Up to this point, everything had been kind of coming together without any sort of real plan. In fact, the cartridges had ended up taking more effort than anything on the deck had. But now it was time to get serious -- I had to design a faceplate that would be a drop-in replacement for the original.
This component was critical, as it would hold the secondary OLED display, the buttons to control the hardware, the lower magnets that would eventually hold the LCD down, and the cooling fan. A lot of parts had to be crammed into a relatively small piece of plastic...plus, it had to have the faux-80s look I was going for.
To try and expedite things without wasting more time and plastic than necessary, I did test fits in sections. Like if I wanted to test the fit of the lighted buttons on the right hand side, then I would just print that half (or even quarter) of the face. When I wanted to make sure the OLED would bolt on properly, I just printed out that section, etc. It was a slow process, but I'm very happy with the end result.
Notice the somewhat unconventional duct attached to the fan, this was designed to (hopefully) redirect some air over the heatsink mounted to the top of the 5 V regulator that sits underneath. The rest of the fan's airflow is directed directly onto the Pi's CPU.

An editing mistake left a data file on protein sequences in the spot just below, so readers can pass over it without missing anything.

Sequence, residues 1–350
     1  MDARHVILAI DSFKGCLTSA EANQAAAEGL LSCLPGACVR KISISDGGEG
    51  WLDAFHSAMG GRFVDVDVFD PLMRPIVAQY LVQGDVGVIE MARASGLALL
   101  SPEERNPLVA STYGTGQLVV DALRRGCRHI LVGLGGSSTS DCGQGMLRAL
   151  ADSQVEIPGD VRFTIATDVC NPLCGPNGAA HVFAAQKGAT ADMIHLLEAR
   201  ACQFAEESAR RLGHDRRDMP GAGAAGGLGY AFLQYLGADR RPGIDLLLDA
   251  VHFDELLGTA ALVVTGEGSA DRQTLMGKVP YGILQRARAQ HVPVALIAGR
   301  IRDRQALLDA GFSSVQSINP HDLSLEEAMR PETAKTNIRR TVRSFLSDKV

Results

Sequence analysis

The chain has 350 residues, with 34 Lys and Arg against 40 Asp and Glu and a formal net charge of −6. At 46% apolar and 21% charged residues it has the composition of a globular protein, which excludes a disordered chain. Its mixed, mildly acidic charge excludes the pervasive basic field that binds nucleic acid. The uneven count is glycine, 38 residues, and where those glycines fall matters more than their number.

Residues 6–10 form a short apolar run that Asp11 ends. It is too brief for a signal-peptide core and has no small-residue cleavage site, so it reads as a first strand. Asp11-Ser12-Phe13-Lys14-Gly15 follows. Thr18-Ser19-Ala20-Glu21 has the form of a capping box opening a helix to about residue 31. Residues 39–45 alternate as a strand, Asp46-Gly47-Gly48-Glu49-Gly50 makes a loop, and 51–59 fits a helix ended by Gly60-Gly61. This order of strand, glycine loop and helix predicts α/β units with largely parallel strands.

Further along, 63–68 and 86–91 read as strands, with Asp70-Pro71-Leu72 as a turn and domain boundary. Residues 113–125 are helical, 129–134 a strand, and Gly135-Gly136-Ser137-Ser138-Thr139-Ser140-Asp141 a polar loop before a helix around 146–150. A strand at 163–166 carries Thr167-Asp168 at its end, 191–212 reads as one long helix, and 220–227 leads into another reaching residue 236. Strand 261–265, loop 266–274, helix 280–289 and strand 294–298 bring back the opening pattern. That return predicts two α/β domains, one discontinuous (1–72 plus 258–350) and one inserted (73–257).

The wiring for the buttons is a bit janky, to say the least. As another time saving effort, I just did everything point-to-point instead of spinning up a custom PCB. This is something I might revisit down the road, but I've also considered just taking the lessons learned and putting them towards building a second deck that would be a bit more practical for daily use.
For those wondering, the top red button is main power, white is for the OLED display, blue is for the fan, and green is connected to one of the Pi's GPIO pins so it can be used for whatever software-defined purpose I have in mind.
Incidentally, this is also around the time I designed the hinge to hold on the LCD. I don't actually have many good shots of this, probably because it went through so many revisions, but you can see the CAD version of the final design here:
It simply uses an M5 bolt (with captured nut on the other side), and alone, isn't particularly tight. The only reason it stays closed is because of the magnets built into the face and the LCD frame. But printed from PETG, it's plenty strong to hold the display up when the lid is open.